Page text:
Amazon Best Books of the Month, November 2010
: "In 2010, about six hundred thousand Americans, and more than 7 million humans around the world, will die of cancer." With this sobering statistic, physician and researcher Siddhartha Mukherjee begins his comprehensive and eloquent "biography" of one of the most virulent diseases of our time. An exhaustive account of cancer's origins, The Emperor of All Maladies
illustrates how modern treatments--multi-pronged chemotherapy, radiation, and surgery, as well as preventative care--came into existence thanks to a century's worth of research, trials, and small, essential breakthroughs around the globe. While The Emperor of All Maladies
is rich with the science and history behind the fight against cancer, it is also a meditation on illness, medical ethics, and the complex, intertwining lives of doctors and patients. Mukherjee's profound compassion--for cancer patients, their families, as well as the oncologists who, all too often, can offer little hope--makes this book a very human history of an elusive and complicated disease. --Lynette Mong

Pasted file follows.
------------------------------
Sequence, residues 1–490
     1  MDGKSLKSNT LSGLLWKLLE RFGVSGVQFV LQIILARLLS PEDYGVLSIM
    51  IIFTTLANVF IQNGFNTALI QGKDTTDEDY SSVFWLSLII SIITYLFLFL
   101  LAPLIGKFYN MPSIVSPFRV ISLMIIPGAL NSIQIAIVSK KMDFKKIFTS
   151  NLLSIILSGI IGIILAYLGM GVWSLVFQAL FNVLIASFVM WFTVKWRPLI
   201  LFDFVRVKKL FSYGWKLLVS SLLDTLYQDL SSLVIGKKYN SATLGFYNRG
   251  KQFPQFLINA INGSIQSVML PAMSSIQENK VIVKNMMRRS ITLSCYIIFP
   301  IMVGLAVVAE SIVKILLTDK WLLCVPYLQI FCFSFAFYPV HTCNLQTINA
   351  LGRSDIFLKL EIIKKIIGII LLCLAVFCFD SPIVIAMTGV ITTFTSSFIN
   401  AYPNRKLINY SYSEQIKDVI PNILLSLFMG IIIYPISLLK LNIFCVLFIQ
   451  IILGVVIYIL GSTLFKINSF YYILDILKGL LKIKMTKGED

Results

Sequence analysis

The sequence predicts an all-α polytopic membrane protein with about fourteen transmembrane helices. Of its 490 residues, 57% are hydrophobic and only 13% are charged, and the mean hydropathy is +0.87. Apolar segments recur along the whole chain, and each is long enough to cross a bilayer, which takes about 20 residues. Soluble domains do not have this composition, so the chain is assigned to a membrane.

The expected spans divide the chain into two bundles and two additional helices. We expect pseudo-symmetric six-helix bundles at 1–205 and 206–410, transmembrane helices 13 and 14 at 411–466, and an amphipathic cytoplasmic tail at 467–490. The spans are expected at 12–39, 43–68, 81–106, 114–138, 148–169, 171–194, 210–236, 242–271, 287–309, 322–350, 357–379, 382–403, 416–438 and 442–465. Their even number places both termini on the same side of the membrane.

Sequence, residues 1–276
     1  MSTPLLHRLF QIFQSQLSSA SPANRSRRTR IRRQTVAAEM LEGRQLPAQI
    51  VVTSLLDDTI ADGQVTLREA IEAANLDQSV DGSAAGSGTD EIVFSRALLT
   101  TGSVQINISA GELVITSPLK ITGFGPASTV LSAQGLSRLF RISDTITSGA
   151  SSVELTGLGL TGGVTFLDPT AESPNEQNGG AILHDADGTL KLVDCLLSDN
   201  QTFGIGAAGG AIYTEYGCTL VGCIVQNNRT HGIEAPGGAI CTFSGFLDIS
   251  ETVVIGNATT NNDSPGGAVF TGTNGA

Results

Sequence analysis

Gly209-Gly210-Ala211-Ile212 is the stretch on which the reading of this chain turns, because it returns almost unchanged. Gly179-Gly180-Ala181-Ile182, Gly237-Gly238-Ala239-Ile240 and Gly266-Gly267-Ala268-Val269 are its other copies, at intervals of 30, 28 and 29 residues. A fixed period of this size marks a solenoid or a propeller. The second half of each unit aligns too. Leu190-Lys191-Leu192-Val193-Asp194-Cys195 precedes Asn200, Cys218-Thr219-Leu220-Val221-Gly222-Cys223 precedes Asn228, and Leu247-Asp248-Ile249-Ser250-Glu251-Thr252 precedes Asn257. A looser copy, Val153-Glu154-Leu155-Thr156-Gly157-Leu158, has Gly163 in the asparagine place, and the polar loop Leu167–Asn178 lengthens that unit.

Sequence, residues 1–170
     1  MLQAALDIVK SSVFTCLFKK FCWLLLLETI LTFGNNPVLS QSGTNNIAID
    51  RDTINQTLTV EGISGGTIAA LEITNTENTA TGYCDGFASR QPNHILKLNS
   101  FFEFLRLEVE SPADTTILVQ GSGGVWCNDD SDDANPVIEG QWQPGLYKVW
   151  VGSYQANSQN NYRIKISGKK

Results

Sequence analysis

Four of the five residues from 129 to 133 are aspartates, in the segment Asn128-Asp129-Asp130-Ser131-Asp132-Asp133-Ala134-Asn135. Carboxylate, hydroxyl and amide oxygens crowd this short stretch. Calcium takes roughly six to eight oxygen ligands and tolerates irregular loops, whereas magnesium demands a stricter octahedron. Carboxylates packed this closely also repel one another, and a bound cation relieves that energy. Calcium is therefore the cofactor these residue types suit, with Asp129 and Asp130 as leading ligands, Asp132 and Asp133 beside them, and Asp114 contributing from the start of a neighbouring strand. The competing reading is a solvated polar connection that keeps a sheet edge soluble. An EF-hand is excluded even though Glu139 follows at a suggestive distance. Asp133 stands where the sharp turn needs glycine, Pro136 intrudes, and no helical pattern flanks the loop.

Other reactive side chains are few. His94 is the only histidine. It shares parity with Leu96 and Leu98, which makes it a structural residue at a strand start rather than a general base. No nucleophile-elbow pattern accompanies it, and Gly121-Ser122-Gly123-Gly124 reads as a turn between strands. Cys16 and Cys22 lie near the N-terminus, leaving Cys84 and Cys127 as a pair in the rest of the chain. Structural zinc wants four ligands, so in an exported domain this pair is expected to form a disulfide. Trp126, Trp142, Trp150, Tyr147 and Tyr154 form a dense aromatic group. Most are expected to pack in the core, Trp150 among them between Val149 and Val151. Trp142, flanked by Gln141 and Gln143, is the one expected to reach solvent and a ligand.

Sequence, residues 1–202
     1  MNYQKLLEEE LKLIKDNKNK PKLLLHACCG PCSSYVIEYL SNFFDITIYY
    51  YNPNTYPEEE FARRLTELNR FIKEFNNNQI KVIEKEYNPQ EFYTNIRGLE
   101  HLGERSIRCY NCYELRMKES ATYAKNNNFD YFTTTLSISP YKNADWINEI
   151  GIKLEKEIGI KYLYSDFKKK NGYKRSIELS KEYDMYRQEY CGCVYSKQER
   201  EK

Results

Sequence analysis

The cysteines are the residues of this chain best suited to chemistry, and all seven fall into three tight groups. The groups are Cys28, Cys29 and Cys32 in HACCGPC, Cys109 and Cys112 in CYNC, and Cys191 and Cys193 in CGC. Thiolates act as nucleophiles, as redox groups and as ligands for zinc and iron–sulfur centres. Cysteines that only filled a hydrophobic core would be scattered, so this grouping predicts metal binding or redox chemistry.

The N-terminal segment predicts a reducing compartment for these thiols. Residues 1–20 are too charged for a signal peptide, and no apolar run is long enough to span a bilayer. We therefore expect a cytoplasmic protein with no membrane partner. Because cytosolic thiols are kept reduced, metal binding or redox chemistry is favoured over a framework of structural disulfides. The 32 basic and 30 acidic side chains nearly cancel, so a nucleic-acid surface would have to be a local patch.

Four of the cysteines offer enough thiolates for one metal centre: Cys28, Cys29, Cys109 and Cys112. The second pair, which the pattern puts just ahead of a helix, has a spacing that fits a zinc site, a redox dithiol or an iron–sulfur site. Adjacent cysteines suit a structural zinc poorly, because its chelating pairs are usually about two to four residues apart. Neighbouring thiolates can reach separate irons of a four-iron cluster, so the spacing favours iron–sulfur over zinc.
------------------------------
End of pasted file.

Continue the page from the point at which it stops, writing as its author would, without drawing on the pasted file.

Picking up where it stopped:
--This text refers to the
From Publishers Weekly
Mukherjee's magisterial history of cancer research is poorly served by Stephen Hoye's impersonal, tone-deaf narration. Mukherjee is a practicing oncologist, and his is a deeply personal account, replete with stories of his own patients and practice, that begs for an intimate reading. But Hoye is pedantic, dry, stentorian-everything that this book isn't-and his newscaster's delivery cannot convey the author's compassion for his patients or the suspense and thrill of scientific discovery that the book so brilliantly describes. A Scribner hardcover. (Nov.)
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